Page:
Estimated reading time 8 minutes, 19 seconds.
Development of the next generation of firefighting aircraft is underway on both sides of the Canada-U.S. border.
Canadian aerial firefighters have benefitted from a major investment in new air tanker and waterbomber aircraft during the last decade, while their American counterparts have struggled with a 75 per cent reduction in the US Forest Service’s (USFS) air tanker fleet – from 44 to 11 aircraft – in the same period.
Now, the USFS’s next generation air tanker program is taking off. In May, five companies were awarded contracts for seven aircraft: Aero Air (two MD87s); Aero Flite, Inc. (two Avro RJ85s); Coulson Aviation (USA), Inc. (one C130Q); Minden Air Corporation (one BAe 146-200); and 10 Tanker Air Carrier (one DC-10-10).
New aircraft to be operated by Aero Flite and Coulson Aviation (USA) are being developed with Canadian industry support, while Air Spray recently launched development of its new BAe 146-200 air tanker at a U.S. subsidiary.
Coulson Aviation (USA), Inc.
The only large turboprop air tanker contracted by the USFS is Coulson Aviation (USA)’s Lockheed C-130Q, currently being modified in a hangar in San Bernardino, Calif., after completion of a 20,000 hour, 30-year overhaul that included a glass cockpit upgrade.
The U.S. firm is a wholly-owned subsidiary of Coulson Aircrane Ltd. of B.C., which fights wildfires with Sikorsky S-61N helicopters and a Martin Mars flying boat.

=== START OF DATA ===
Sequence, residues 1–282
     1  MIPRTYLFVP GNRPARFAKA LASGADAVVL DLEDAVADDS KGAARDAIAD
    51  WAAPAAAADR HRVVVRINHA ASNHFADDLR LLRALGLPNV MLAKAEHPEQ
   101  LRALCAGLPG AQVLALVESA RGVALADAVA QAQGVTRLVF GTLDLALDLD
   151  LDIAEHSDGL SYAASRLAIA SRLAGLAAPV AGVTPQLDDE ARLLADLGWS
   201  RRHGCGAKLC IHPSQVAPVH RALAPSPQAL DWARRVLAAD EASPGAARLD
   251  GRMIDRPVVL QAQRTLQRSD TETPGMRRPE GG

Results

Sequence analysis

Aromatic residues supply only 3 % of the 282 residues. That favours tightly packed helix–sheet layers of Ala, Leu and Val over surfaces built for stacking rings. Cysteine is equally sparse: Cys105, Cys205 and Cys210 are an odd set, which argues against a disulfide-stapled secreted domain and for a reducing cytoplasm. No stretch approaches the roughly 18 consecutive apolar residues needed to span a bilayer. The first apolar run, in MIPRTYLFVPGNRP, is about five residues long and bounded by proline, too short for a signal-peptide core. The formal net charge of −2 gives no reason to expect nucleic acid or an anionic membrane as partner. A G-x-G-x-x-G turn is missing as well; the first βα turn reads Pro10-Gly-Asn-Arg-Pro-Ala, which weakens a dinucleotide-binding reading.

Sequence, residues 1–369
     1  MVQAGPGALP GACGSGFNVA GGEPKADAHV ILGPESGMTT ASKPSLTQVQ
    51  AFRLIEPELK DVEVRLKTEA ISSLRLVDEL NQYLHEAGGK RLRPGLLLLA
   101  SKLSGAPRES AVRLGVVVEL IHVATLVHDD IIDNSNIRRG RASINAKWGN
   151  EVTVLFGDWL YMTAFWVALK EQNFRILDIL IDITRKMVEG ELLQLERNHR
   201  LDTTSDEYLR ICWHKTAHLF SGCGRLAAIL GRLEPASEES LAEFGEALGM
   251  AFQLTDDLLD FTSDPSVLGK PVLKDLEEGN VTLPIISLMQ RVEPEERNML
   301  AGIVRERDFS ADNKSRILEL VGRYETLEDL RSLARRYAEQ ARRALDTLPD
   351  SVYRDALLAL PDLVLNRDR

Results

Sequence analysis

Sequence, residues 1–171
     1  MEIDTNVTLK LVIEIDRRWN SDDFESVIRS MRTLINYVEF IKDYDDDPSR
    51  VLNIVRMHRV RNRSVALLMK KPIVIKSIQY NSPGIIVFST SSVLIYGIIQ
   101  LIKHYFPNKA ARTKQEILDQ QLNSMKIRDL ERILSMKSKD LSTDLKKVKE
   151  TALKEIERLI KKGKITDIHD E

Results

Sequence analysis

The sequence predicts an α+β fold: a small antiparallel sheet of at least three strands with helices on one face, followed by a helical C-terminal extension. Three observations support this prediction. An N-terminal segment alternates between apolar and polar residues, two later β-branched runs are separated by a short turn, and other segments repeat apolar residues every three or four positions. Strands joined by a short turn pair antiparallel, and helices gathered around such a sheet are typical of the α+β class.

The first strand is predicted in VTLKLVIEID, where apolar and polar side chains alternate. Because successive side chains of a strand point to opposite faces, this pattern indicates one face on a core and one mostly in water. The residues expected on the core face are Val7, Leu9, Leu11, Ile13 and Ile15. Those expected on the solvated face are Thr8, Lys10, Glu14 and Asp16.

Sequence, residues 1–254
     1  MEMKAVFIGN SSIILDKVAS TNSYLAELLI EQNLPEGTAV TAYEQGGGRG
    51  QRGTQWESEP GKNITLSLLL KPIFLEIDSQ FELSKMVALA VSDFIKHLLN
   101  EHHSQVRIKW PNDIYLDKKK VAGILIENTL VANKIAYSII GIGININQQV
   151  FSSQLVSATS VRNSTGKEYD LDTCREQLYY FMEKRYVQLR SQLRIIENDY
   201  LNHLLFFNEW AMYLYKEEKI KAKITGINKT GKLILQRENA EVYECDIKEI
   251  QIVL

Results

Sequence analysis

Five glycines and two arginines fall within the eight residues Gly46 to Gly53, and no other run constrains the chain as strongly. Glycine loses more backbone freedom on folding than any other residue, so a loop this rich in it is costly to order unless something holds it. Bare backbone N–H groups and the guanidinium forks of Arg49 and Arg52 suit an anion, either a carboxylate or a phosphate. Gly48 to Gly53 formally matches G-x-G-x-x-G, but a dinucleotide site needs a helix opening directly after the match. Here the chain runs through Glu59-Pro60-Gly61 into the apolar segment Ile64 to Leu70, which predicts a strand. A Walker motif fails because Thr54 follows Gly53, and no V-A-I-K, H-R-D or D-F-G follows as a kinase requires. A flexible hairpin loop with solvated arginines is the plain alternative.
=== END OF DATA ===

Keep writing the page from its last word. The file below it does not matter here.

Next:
The C-130Q began life as an electronic communications relay for the U.S. president, and was later flown by NASA. A 3,500 US gallon Aero Union RADS1 constant flow tank system is being installed in the cargo compartment to drop retardant through the belly. The tank can be removed in 30 minutes for cargo operations, and the installation does not compromise aircraft pressurization or restrict aircraft weight and performance.
“We strongly believe our C-130Q Next Gen Airtanker is going to lead the way forward as a world class firefighting tool, with a state of the art constant flow tank proven to deliver the desired coverage level on the ground,” said Britton Coulson.
“And the aircraft’s constant RPM variable pitch propellers let us get into areas and carry out drops that would be impossible for jet aircraft to perform.”
Flight tests were scheduled to begin in late June or early July, followed by drop tests to receive USFS Inter-Agency Airtanker Board (IAB) certification.
Coulson’s contract with the USFS is written to accommodate the addition of up to four more C-130Q or C-130H aircraft (one per year).
Conair RJ85 Air Tanker
Aero Flite, the largest operator of Canadair CL-215 water bombers in the U.S., based in Kingman, Ariz., has contracted Conair Aviation of Abbotsford, B.C., to provide it with two Avro RJ85 air tankers, which will use Cessna 525 CitationJet birddogs.
The Avro RJ85 was developed by British Aerospace as the second generation of the BAe 146-200 family. It features a glass cockpit, aerodynamic improvements, higher power FADEC-equipped Honeywell LF507 engines, and carries 4,000 pounds more payload than its predecessor.